Autism, ADHD, and Sleep
Sleep problems are common among children and adults with autism or attention-deficit/hyperactivity disorder (ADHD). While those with autism spectrum disorder or ADHD may be more commonly affected by sleep disorders and other sleep challenges, a lack of sleep can exacerbate symptoms of autism or ADHD. However, with healthy sleep habits and treatment, sleep problems and the daytime challenges they present may be alleviated or eliminated.
What is Autism?
Autism, also known as autism spectrum disorder, is a developmental disability. It affects how children and adults engage socially. Those affected by autism may struggle to communicate with others, have poor nonverbal communication, and face struggles with social skills. People with autism may have difficlty with reasoning and planning and have intense, narrow interests. Sensory sensitivities and motor skills may also be affected.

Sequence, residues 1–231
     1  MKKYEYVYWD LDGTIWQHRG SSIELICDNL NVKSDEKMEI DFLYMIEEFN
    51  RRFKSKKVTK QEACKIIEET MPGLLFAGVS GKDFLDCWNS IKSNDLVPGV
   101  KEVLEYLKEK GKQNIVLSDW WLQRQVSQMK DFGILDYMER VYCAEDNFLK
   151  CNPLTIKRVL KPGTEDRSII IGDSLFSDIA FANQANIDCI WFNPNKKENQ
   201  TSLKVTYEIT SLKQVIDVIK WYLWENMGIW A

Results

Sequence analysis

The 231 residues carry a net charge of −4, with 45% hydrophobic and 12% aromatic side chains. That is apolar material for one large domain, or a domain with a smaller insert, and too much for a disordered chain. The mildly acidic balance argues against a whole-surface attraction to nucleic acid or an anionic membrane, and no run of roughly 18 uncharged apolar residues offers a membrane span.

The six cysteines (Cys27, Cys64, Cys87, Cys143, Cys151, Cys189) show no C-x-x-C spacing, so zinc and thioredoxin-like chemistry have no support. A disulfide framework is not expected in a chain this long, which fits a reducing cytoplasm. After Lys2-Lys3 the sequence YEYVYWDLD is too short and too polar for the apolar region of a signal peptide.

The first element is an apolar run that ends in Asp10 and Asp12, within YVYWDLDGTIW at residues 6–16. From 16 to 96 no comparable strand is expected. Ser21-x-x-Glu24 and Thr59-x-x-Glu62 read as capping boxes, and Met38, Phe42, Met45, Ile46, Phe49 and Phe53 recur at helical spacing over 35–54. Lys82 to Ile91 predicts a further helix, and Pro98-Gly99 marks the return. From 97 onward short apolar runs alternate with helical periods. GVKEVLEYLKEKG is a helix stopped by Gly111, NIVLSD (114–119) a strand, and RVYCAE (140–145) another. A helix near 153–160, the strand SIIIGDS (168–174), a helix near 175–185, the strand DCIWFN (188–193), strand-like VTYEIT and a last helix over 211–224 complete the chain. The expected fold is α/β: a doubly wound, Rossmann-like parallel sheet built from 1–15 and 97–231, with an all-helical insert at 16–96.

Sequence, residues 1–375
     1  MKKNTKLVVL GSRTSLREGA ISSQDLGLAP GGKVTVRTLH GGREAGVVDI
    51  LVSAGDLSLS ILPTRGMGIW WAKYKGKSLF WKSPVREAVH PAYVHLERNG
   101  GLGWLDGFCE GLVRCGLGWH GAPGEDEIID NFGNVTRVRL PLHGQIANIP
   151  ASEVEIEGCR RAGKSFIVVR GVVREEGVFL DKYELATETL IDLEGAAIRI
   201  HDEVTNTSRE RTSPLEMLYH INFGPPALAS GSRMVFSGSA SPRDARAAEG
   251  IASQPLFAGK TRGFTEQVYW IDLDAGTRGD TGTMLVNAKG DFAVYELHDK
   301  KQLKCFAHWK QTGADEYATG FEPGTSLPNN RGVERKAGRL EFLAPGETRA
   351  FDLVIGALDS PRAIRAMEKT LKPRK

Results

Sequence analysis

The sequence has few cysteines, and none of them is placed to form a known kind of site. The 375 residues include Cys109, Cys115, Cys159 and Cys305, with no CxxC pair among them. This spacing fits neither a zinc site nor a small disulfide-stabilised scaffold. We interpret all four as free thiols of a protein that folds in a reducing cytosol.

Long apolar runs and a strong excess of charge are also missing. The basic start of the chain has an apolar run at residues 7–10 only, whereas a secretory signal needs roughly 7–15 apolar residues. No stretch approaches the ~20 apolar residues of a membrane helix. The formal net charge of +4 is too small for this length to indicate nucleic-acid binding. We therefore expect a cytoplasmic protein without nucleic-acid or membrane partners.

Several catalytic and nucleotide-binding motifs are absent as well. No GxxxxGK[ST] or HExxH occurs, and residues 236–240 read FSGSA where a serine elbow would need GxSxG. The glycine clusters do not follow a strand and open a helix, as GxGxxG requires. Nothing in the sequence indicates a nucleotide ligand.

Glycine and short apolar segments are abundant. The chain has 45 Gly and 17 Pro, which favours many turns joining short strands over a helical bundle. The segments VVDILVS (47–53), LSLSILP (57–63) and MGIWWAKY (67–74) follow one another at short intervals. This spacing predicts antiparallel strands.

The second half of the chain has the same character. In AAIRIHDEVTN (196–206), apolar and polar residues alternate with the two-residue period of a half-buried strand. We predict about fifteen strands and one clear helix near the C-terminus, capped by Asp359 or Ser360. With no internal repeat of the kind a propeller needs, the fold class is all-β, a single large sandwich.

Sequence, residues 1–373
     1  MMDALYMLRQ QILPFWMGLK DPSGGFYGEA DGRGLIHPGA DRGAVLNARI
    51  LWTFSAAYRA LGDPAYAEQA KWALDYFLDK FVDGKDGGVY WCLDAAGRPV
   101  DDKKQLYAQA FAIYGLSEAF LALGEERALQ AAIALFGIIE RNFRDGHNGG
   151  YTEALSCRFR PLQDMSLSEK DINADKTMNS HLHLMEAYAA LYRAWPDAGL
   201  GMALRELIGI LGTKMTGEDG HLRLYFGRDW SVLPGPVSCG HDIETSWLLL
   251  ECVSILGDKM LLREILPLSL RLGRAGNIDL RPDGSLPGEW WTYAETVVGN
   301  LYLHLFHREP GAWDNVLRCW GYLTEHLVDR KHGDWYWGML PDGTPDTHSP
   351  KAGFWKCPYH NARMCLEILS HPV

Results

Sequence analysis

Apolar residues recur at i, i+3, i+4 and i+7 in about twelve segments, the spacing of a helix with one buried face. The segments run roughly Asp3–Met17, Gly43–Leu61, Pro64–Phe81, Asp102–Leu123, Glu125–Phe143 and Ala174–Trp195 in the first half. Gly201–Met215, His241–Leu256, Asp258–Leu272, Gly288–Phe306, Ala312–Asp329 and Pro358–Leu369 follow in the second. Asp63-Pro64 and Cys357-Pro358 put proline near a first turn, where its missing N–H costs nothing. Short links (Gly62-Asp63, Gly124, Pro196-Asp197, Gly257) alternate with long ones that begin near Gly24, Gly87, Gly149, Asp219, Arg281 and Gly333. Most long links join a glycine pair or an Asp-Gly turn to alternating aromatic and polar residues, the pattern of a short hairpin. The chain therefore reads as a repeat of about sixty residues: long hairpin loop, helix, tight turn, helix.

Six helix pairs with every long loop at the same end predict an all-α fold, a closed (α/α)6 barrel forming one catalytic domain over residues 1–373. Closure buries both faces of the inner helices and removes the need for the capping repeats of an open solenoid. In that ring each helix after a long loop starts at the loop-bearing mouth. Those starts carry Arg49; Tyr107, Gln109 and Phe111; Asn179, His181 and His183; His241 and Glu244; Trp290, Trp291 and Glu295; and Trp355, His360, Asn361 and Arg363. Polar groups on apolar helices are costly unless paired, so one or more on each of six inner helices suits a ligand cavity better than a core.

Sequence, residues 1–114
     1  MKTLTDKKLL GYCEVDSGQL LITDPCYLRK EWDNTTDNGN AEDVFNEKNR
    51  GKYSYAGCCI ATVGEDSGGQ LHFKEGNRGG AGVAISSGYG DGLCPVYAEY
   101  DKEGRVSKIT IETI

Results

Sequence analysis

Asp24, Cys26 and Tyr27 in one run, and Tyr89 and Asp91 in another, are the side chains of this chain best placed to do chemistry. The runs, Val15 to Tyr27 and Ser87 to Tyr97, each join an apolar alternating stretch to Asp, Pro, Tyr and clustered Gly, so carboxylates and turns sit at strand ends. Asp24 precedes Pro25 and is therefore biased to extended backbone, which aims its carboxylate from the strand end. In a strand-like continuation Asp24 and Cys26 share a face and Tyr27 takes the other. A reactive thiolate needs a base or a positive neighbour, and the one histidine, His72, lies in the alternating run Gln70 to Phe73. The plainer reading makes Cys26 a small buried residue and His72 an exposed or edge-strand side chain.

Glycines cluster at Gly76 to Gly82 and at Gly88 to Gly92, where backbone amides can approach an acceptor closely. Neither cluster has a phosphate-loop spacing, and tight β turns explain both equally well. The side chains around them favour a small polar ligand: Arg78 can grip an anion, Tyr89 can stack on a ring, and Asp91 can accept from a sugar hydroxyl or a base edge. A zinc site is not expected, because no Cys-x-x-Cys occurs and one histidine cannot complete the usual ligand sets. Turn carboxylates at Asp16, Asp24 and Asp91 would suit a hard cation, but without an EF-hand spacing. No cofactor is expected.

Who it affects
Autism is primarily diagnosed in children. One out of every 68 children is affected by autism or a related disorder. However, in the past, autism was estimated to have a prevalence of one out of every 2,000 children. Today, autism is more prevalent than childhood diabetes or breast cancer. Families that include a child with autism are 15 to 20 percent more likely to have another child with autism.
Although autism is often considered with regard to children, the disorder also affects adults. Adults with autism may have grown up aware of how the disorder affects them. Children do not outgrow autism, but can have improved outcomes with early diagnosis and intervention. Adults may be diagnosed later in life as they recognize symptoms, particularly those with high-functioning autism.
How it is diagnosed
There is no medical test, such as a blood test, for autism spectrum disorder. Autism is diagnosed with a combination of developmental screening and diagnostic evaluation. Developmental screening tests children to identify potential delays. For example, a pediatrician will ask parents questions and interact with a child during an exam to observe the child. These screenings typically occur at 18 months and 24 months, but may include nine months, 30 months, and additional screenings, especially if a child is at a high risk for autism spectrum disorder.